The fleet support ships (FSS) arent ‘warships’. And at 216m and around 30,000 plus tons is too big for the actual warship yards current construction facilities ( but might do modules)
The Cammell Laird yard most recent warship work apart from some large modules for the carriers was the hull sections for Astutes 4-7
But CL have the dry docks and workforce and already do maintenance on the large ship fleet. I seems to me that with a requirement for dry docking for QEC plus up to 20 large multi role and amphibious ships we should have a strategy that gives us flexibility, CL offer that.
additionally, HMG have a requirement for circa 2.5k smaller vessels of all sorts, surely this should go to Appledore or used as filler for the 3 main yards.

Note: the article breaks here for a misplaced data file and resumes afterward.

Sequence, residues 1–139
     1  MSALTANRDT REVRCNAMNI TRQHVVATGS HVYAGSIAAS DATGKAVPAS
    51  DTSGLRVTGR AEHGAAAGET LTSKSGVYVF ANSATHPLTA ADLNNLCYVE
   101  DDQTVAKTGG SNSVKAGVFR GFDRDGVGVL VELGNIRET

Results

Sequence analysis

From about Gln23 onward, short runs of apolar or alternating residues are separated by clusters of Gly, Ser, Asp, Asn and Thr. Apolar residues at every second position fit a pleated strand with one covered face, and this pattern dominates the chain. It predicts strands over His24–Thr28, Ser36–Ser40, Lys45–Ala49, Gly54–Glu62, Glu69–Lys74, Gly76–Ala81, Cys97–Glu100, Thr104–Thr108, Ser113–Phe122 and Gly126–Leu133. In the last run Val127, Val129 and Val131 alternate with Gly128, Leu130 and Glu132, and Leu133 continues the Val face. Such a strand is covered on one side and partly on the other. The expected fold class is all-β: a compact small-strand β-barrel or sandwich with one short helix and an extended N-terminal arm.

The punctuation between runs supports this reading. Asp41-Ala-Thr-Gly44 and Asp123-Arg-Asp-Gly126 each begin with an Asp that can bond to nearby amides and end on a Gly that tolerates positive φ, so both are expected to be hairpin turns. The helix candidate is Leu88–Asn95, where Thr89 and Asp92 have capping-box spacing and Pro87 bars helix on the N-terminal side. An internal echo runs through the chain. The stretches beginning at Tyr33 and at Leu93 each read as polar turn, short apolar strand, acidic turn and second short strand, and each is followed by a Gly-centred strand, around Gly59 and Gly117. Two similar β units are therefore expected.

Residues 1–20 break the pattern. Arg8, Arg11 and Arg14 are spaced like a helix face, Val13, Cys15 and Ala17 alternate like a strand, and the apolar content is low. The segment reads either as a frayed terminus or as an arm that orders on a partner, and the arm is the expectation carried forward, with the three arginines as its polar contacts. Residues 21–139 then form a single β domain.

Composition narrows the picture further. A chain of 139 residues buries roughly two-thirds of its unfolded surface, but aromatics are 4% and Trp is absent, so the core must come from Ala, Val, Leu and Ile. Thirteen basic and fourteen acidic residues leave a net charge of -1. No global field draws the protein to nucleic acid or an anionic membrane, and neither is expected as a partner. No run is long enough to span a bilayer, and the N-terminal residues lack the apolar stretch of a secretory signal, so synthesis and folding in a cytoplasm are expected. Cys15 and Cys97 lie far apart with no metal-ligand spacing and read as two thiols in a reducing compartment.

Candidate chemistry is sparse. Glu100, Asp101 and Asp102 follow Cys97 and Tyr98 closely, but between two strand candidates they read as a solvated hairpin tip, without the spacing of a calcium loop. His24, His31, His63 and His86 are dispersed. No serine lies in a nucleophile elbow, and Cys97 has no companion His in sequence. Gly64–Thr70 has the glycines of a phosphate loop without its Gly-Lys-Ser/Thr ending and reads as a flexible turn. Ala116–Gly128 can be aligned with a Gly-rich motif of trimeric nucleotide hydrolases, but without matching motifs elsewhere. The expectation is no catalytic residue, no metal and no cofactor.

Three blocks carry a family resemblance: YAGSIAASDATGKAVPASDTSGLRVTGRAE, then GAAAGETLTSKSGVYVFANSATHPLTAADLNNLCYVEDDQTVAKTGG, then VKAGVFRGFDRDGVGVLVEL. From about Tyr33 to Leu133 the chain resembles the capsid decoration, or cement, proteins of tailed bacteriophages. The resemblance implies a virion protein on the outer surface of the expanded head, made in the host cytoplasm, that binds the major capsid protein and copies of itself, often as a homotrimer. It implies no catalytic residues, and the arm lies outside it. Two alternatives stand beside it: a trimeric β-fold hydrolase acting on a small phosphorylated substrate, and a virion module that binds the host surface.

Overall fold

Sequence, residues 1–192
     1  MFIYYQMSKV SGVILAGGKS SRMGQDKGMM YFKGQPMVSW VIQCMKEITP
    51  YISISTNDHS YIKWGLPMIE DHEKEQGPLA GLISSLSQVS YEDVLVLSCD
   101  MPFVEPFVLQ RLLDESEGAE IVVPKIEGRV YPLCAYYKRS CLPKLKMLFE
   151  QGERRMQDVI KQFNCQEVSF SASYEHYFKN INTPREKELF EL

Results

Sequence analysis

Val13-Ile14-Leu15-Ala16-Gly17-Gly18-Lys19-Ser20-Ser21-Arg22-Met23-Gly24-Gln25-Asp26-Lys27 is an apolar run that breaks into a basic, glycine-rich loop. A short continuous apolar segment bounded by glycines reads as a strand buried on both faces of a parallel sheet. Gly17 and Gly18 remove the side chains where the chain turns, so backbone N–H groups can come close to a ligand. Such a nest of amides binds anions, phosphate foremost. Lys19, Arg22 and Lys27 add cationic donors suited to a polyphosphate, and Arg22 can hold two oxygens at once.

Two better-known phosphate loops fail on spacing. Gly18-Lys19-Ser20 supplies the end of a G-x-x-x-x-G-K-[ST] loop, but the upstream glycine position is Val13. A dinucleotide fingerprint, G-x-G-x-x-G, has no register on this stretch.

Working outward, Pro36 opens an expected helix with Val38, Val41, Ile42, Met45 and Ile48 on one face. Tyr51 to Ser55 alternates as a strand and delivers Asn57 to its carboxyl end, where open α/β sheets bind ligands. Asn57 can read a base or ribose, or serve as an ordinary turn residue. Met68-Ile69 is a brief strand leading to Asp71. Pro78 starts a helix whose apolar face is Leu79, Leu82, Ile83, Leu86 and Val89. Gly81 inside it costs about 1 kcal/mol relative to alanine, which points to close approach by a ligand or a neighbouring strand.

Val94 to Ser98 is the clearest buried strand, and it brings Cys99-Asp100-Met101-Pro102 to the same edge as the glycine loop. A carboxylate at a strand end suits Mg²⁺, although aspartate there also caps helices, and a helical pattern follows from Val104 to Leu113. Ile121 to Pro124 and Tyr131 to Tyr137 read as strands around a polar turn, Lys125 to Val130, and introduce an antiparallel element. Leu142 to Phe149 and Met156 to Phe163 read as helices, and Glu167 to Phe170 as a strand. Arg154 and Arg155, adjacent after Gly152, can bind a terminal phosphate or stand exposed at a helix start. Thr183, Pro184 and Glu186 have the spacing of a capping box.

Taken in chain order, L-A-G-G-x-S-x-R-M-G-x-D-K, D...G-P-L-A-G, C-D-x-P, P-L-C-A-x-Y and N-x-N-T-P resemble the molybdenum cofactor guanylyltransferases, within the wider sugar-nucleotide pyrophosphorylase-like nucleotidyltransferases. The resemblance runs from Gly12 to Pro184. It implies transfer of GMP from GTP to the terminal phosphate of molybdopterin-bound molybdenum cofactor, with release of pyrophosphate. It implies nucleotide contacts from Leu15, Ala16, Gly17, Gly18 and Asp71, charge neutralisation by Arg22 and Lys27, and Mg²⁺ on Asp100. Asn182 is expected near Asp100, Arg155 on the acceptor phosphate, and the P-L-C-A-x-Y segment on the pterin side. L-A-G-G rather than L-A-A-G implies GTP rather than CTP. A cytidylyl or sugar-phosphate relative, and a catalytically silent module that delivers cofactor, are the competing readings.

I am not really seeing this joined up thinking yet out of the NSS.
I do think the UK can support , maybe 5 yards but it has to be sustainable.
30 year plan
BAES Barrow: £80bn 14 x subs 10 ssn 4 ssn.
BAES Glasgow: £20bn 15 x C1 Global Combat Ship (T26/T83)
BAES Glasgow: £7.5bn 15 x C3 class ship (corvette)
Babcock Rosyth: £10bn 15 x C2 Global Mission Ships (T31/T32)
Babcock Rosyth: £7.5bn 15 x C3 class ship (corvette)
CL/ HW: £10bn 15 x large surface fleet (support/amphib)
CL/ HW: £10bn c.2500 small vessels (maintain current fleet size).
The above is not fantasy fleets it is a realistic plan of 3 main ships p.a. over 30 years that creates a full fleet replenishment (exc.Carriers) that gives us an 89 ship RN/RFA force costing £150bn or £5bn p.a.